Fissure of the nipple

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Fissure of the nipple
Classification and external resources
Joggers nipple.jpg
An irritated nipple, or jogger's nipple, acquired while riding a bike on a warm day.
ICD-10 N64.0, O92.1
ICD-9 611.2

Fissure of the nipple, also known as jogger's nipple, is a condition that can be caused by friction that can result in soreness, dryness or irritation to, or bleeding of, one or both nipples during or following running or other physical exercise. This condition is also experienced by women who breastfeed[1] and by surfers[2] who do not wear rash guards.

Cause[edit]

Jogger's nipple is caused by friction from the repeated rubbing of a t-shirt or other upper body clothing against the nipples during a prolonged period of exercise.

The condition is suffered mainly by runners. Long-distance runners are especially prone, because they are exposed to the friction on the nipple for the greatest period of time. However, it is not only suffered by athletes; the inside of a badge, a logo on normal items of clothing, or breastfeeding[1] can also cause the friction which results in this condition.

Prevention[edit]

Runner's Nipple after a 10 k run on a hot day

The condition is easily preventable and treatable. Viable methods include:

  • Avoiding the use of large, loose-fitting T-shirt during exercise.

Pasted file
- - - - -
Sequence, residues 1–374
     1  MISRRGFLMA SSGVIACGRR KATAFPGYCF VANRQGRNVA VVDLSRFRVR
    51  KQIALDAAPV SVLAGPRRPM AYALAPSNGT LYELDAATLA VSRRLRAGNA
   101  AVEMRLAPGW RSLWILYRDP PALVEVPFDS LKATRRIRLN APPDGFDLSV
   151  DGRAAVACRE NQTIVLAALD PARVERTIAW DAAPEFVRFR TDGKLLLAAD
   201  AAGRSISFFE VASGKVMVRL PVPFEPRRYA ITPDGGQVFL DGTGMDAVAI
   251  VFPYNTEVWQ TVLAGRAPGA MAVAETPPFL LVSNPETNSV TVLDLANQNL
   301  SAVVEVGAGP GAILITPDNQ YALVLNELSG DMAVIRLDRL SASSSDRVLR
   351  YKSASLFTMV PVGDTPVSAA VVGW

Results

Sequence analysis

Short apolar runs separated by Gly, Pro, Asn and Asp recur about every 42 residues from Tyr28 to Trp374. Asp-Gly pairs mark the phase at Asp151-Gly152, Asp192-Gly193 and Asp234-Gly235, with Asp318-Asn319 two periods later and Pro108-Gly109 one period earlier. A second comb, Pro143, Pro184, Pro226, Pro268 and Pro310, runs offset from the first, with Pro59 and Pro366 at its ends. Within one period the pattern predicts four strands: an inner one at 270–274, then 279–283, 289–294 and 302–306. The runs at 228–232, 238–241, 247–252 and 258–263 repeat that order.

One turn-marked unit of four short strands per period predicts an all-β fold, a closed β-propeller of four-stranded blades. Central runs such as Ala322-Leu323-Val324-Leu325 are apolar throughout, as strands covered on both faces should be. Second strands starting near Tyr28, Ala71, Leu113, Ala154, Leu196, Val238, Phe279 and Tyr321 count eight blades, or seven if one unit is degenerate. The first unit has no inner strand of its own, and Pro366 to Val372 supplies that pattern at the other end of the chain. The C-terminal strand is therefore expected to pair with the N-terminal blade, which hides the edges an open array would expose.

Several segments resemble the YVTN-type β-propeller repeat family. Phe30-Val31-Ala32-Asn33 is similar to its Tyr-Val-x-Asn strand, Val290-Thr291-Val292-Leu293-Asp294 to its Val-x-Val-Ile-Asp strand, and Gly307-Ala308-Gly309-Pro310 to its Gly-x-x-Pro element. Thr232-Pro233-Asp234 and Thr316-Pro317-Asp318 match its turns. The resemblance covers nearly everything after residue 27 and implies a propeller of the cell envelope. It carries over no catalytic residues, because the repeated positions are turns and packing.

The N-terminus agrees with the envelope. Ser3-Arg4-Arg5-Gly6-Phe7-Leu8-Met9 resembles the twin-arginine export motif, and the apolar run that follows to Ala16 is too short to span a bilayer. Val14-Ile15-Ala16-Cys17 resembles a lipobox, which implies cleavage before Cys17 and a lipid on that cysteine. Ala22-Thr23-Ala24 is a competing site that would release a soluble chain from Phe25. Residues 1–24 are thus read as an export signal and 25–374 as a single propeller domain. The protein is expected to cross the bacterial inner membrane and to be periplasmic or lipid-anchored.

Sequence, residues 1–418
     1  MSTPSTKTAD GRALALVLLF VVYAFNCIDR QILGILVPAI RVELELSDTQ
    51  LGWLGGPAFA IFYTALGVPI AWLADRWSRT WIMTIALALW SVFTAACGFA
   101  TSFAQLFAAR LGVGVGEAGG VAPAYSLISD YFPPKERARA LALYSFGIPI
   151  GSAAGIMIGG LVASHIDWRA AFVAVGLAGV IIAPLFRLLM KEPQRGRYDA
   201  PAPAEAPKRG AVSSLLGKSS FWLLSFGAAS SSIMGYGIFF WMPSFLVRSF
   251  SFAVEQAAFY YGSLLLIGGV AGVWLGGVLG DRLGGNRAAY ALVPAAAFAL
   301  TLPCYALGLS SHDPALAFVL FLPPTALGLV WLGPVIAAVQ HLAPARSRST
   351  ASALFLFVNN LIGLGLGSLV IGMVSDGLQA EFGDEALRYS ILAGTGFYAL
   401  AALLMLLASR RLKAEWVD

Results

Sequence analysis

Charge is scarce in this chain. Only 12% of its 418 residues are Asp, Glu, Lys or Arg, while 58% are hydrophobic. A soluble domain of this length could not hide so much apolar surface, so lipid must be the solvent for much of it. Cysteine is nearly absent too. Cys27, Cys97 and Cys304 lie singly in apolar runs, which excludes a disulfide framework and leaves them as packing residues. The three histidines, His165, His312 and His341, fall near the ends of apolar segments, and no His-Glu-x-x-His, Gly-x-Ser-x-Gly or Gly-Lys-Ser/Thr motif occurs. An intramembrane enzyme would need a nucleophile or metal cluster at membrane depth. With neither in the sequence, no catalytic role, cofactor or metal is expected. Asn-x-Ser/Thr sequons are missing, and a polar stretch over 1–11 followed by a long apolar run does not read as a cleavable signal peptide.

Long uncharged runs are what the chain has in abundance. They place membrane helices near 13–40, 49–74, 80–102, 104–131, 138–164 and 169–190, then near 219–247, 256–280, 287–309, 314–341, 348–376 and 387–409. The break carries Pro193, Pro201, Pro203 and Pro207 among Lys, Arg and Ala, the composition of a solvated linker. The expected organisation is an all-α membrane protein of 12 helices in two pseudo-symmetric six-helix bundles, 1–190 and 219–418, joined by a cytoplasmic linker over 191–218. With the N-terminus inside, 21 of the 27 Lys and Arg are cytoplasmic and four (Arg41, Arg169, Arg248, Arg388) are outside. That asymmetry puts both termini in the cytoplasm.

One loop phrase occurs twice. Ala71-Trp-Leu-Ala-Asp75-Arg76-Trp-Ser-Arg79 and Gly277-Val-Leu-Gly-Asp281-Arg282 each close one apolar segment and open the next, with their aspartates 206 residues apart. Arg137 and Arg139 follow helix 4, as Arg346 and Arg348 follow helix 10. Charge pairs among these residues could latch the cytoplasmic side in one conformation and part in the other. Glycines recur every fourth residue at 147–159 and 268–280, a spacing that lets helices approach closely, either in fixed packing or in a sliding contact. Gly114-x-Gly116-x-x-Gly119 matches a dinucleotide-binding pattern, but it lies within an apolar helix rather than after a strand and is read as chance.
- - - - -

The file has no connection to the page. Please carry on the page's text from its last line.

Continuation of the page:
• Wearing shirts made of synthetic fabrics instead of cotton.
  • Applying a waterproof adhesive bandage, or surgical tape over each nipple before exercise to act as a barrier between skin and cloth.
  • Applying an anti-chafing balm or petroleum jelly prior to exercise.
  • Using specialized products available to prevent the condition such as rash guards.
  • Wearing a sports bra, shimmel, compression vest, or some variety of chest binding clothing.

Treatment[edit]

Various methods for treatment include:

  • Applying an antiseptic cream as soon as you suspect a fissure, to reduce the chances of bacterial infection that would make the condition worse.[1]
  • If the skin is already damaged, applying petroleum jelly can prevent healing if used over a period of time.
  • A "liquid bandage" can be helpful for healing or prevention, although it may sting initially.
  • Use of a nipple shield (of rubber, or glass and rubber) temporarily.[1]

This condition should clear within a few days. If not, medical attention is warranted. Other skin conditions such as eczema, psoriasis, impetigo, fungal infections or an allergic reaction can cause nipple pain and changes in the appearance of the skin. In women, breastfeeding (often complicated by thrush infection),[1] hormonal changes in early pregnancy or during menstruation, as well as certain types of breast cancer, i.e. Paget's disease of the breast, can also cause nipple soreness and pain.

Other names[edit]

Jogger's nipple is also known as runner's nipple, red eleven, raver's nipple, big Q's, red nipple, stingers, weightlifter's nipple and gardener's nipple, athlete's nipple, or nipple chafe. There are similar colloquial terms for almost any activity that can result in the condition.

See also[edit]

References[edit]

  1. ^ a b c d e Dr. C.H. Asrani. "Fissures of the nipple". Common Problems in the first weeks of Breast Feeding. GrowingWell.com. Retrieved 10 February 2011. 
  2. ^ Specialist Consultant Oncoplastic Breast and Cosmetic Surgeon Mr Iain Brown. "Surfer's Nipple". Causes of Nipple and Breast Pain in Surfers. SurfersNipple.com. Retrieved 4 June 2013. 

External links[edit]